What is the central idea of Gabriel Okara's poem "The Mystic Drum"?

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The central idea of Gabriel Okara's poem "The Mystic Drum" is the damaging effect of colonialism on the spiritual pulse of African life, as represented by the eponymous drum.

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Gabriel Okara has described "The Mystic Drum" as a love poem in which the antagonist is a woman he once loved who turned out not to be what she seemed. However, others have argued that the poem is a kind of allegory on colonialism and its damaging impact on African culture.

On this reading, the eponymous drum represents the traditional spiritual pulse of Africa. Its rhythm beats inside the speaker as it does with every African man and woman, making them dance.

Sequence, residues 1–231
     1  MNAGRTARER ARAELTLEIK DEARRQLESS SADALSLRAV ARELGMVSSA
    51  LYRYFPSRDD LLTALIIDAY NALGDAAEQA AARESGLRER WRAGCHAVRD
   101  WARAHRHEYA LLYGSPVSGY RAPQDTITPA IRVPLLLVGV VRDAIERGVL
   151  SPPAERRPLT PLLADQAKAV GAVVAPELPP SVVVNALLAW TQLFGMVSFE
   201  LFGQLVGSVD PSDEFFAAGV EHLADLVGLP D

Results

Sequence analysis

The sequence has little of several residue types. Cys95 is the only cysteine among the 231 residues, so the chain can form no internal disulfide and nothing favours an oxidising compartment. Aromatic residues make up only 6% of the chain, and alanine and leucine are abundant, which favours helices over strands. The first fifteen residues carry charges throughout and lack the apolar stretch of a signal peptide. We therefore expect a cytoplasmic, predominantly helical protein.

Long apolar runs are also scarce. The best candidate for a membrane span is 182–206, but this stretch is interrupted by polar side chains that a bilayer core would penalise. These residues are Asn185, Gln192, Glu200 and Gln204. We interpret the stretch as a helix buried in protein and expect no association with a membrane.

But the happy scene depicted by the speaker is suddenly threatened by the appearance of an interloper, a strange woman standing behind a tree, smiling with the shake of her head. On a postcolonial reading, the woman represents Western colonialists looking with condescension upon an ancient African ritual whose immense cultural value they neither appreciate nor understand.

Initially, however, the drum continues to beat, just as traditional African life was still able to carry on for some time after the first wave of Western colonization. Over time, this situation changes, and we can see these changes in figurative terms through the leaves and roots that begin sprouting from the woman standing behind the tree.

This represents the process by which white colonialists became increasingly embedded within African life; they became part of the scenery, as it were, as they tightened and extended their control over the continent. So much so, in fact, that the speaker's drum, the pulse of traditional African life, will never beat so loud again.

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